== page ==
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Vertex UF-15 Media Reactor Review


March 24, 2010


Left: The Vertex UF-15 Universal Media Reactor
Right: The Two Little Fishies Phosban 150 Reactor

I recently decided to upgrade my Two Little Fishies Phosban 150 Reactor with something larger; so I went ahead and purchased a new Vertex UF-15 Universal Media Reactor. Although this is the smaller of Vertex's two new media reactors (the UF-20 being the larger), it is considerably larger than the Phosban 150. The UF-15 is a relatively new product, and so I thought I'd offer my thoughts on it.

The basic design of the UF-15 is similar to the Phosban 150 and in fact most other reverse-flow media reactors on the market. Water is pushed to the bottom of the cylinder via a centrally placed pipe and allowed to flow up through the media before exiting the reactor body. This helps prevent the media compaction commonly associated with down-flow reactors, where the pressure of the water pushes the media down and, with the help of gravity, compacts it. Two strainers prevent any debris from entering the reactor and any media from leaving the reactor. Additionally, a valve is placed on the water inlet pipe to help acheive an optimal water flow rate through the media.

The differences between the two reactors begin in the design of the top cap. Both units utilize a threaded top cap that you simply screw on and off along with an O-Ring to make things water tight, although the Vertex's O-Ring is much beefier:

The Vertex UF-15's beefy O-Ring.

The top cap of the UF-15 is much more solidly plumbed, reducing the chances of leakage even with considerable back-pressure. The elbows, unions, and barbed fittings are all welded on. This is as opposed to the flexible rubber fittings on the Phosban 150, which tended to leak for me if I had the outlet tube go all the way up to the display tank (too much back-pressure). Additionally, the UF-15 includes quick disconnects in the form of unions both on the inlet and outlet sides of the reactor. This makes removing the reactor to change media easier.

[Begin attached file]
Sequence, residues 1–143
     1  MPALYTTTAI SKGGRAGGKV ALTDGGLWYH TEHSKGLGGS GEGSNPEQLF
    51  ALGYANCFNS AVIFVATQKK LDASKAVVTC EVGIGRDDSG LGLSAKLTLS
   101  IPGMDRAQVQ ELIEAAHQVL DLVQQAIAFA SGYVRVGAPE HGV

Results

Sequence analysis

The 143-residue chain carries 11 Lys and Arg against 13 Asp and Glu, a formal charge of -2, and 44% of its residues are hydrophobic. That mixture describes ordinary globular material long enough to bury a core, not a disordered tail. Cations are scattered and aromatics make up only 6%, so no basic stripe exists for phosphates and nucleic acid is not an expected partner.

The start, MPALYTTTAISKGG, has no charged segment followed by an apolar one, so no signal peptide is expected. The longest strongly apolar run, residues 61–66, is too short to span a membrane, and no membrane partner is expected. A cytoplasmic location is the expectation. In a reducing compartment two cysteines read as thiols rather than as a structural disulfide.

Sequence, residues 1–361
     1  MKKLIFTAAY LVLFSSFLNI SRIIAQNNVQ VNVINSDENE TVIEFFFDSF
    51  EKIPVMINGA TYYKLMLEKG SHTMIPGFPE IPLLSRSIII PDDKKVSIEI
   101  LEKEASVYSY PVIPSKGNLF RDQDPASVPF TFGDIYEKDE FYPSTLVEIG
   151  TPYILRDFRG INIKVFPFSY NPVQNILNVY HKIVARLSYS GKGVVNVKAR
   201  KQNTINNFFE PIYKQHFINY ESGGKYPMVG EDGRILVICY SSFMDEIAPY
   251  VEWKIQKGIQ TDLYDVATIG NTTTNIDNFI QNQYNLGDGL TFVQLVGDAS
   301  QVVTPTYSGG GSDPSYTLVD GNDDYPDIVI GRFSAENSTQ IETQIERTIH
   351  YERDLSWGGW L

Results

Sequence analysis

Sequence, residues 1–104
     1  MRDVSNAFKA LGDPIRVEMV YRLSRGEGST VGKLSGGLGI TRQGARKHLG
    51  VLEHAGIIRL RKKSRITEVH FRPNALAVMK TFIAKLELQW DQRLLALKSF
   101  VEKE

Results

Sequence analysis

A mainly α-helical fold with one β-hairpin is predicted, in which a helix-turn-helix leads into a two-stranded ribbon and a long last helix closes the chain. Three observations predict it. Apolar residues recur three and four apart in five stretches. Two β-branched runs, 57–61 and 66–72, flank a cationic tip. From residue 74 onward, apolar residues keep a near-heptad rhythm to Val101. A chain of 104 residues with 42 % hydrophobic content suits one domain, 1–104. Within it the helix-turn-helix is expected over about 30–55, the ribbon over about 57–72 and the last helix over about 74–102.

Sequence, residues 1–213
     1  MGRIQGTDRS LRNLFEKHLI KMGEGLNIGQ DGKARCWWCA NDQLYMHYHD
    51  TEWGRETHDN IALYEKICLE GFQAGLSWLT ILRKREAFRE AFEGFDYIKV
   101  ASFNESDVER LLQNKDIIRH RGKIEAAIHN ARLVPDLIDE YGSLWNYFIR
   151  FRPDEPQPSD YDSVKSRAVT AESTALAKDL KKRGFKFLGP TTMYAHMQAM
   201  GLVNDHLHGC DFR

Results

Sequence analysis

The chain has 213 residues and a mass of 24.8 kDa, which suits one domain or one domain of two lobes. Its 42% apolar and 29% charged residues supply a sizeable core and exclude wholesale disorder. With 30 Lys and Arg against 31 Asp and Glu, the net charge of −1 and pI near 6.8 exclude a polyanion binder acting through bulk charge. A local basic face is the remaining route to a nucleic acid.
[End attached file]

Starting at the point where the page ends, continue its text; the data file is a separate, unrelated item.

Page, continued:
Another thing I like about the UF-15 is that the barb fittings are the standard type with three barbs each. The Phosban 150, on the other hand, utilizes the well-known Two Little Fishies single-barbed fittings. I can't really say for sure whether three barbs actually provides any real advantage at the pressures we use, but they certainly feel more solid. Not that my Phosban 150 ever leaked at either barb-fitting.

One issue that I have with the UF-15 is that the barb fittings are 3/4" rather than 1/2". Most individuals will probably be feeding this reactor with a Marineland Maxijet, so that is something worth considering. I chose to purchase two reducing barb adapters rather than re-do the rest of my plumbing.

The top cap of the UF-15 with welded fittings. Note the ball-valve and unions.

Another area where the Vertex unit stands out is the design of the inner assembly. The sponge filters are about 1" thick (compared to 1/4" thick on the Phosban 150) and the top strainer is adjustable. That is, it can be moved up and down the tube. A plastic screw is used to tighten it in place. Additionally, the top of the water inlet pipe has a rubber ring around it, insuring a tight fit with the top cap. Indeed, because my unit is placed above my sump when I turn off the feed pump and hold the outlet above water the unit actually siphons out all the water into the sump. This makes changing out the media easier.

The inner assembly of the UF-15 with adjustable top-strainer.

I'm very satisfied with the design and the quality of construction of the UF-15. My only complaint regarding quality is that one of the barbed fittings I originally received leaked. The barb fitting is actually inserted directly into one end of the union and it seems the manufacturer forgot to glue it in. However, I had some PVC Cement and it was easy enough to glue it myself.

One thing to keep in mind is that the UF-15 cannot be mounted on the side of the tank like the Phosban 150. It lacks the Phosban 150's top assembly that allows it to rest on the tank lip. Additionally, the base plate would get in the way. The base plate is neccessary, however, to keep the unit from falling over when placed upright.

The UF-15 set up and running with activated carbon on my system.

A final caveat is the price. The going price of $110 is a little steep. Especially with the Phosban 150 going for $40 at most retailers. If you can find a good deal of the UF-15 (I got mine on sale for $80), it helps make it more competitive.


July 5, 2010


After a couple of months of use I noticed that the black plastic strainers that, in addition to the sponge material, prevent any media from leaving the reactor seemed to have expanded slightly. This made them difficult to insert or remove from the body of the reactor. I solved the problem by sanding them for just about three minutes each on a sheet of 100-grit sand-paper. After that, I was able to slide them in and out of the reactor body smoothly again.



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